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22 March 2011

Bergamot orange





"Citrus bergamot "bergamia" (Risso & Poit.) (synonym Citrus bergamia Risso) is a fruit the size of an orange, with a yellow color similar to a lemon, and a pleasant fragrance. Genetic research into the ancestral origins of extant citrus cultivars recently matched the bergamot as a likely hybrid of Citrus limetta and bitter orange.

The juice tastes less sour than lemon, but more bitter than grapefruit. Citrus bergamot is native and commercially grown in Calabria (Italy), where more than 80% are found, and some in France, and in Ivory Coast for the essential oil, but not for juice consumption.  Bergamot grows on small trees which blossom during the winter. The distinctive aroma of the bergamot is most commonly known for its use in Earl Grey tea, though the juice of the fruit has also been used in Calabrian indigenous medicine as a herbal remedy for malaria, and its essential oil is popular in aromatherapy applications.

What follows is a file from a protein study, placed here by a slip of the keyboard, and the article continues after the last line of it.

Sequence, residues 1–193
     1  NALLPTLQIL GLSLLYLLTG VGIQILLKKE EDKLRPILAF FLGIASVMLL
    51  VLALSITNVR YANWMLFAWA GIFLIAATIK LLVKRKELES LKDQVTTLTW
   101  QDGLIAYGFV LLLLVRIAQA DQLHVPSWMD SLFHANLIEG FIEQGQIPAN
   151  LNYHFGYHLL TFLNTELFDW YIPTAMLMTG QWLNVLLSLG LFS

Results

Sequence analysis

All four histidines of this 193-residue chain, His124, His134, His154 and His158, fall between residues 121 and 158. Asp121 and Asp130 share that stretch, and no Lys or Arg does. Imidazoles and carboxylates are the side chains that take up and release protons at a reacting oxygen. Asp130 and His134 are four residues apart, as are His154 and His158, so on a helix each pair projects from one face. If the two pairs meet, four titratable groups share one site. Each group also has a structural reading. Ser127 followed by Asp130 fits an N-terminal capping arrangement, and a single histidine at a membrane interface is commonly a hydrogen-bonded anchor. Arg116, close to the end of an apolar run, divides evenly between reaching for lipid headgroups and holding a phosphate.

Bergamot uses in food
An essence extracted from the aromatic skin of this sour fruit is used to flavour Earl Grey and Lady Grey teas, and confectionery. An Italian food manufacturer, Caffé Sicilia in Noto, Syracuse, Sicily, produces a commercial marmalade using the fruit as its principal ingredient.  It is also popular in Turkey, Greece and Cyprus as a preserve, made with bergamot peel boiled in sugar syrup. In Sweden and Norway, bergamot is a very common flavorant in snus, a smokeless tobacco product.

 
The actual fruit of the bergamot orange itself is not known to be edible. The Oxford Companion to Food(2006) states, "The bergamot orange is not edible and is grown only for its fragrant oil, although its peel is sometimes candied."

 Companion plant
Bergamot's aromatic roots are thought to mask other nearby plants from pests that attack their roots, and so are sometimes grown as a companion in vegetable gardens.


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